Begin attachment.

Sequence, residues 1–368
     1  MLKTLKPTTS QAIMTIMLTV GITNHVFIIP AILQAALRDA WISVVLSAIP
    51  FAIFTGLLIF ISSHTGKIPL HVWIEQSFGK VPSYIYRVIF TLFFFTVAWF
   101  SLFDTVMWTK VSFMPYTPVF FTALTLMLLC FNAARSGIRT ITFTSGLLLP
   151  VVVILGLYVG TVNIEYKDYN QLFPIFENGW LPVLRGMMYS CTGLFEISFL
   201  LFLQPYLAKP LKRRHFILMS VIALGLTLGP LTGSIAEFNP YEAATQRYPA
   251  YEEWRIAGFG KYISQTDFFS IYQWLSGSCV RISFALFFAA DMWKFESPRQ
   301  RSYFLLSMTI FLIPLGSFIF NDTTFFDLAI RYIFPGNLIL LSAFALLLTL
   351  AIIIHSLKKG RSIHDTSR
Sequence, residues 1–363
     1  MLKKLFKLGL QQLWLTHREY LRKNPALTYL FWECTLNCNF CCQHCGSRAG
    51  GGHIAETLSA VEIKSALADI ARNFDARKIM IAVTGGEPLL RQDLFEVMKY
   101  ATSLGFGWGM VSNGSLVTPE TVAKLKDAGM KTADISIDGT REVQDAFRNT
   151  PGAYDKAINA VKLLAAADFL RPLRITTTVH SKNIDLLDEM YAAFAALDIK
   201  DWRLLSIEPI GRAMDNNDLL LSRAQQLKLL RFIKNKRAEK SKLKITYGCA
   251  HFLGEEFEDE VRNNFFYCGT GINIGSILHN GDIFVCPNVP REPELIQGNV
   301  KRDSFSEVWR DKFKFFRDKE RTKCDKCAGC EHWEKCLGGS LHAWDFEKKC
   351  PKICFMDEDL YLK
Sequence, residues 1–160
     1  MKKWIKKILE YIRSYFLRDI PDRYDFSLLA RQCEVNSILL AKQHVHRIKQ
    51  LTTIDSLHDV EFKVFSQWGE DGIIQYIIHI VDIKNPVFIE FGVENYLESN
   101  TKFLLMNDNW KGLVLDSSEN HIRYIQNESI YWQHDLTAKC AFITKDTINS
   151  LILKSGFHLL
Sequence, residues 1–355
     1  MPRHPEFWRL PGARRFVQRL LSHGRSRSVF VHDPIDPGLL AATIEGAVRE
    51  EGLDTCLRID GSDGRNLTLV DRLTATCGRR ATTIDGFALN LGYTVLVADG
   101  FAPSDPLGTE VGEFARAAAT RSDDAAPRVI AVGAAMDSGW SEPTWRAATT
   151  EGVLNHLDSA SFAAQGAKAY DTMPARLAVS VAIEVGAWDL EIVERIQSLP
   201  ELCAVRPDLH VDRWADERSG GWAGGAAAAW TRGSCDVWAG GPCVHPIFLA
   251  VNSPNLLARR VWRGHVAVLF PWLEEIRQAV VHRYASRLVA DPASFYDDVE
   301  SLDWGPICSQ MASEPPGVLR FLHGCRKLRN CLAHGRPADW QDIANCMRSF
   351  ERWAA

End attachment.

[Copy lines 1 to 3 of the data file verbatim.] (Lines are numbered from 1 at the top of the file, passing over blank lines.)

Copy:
Sequence, residues 1–368
     1  MLKTLKPTTS QAIMTIMLTV GITNHVFIIP AILQAALRDA WISVVLSAIP
    51  FAIFTGLLIF ISSHTGKIPL HVWIEQSFGK VPSYIYRVIF TLFFFTVAWF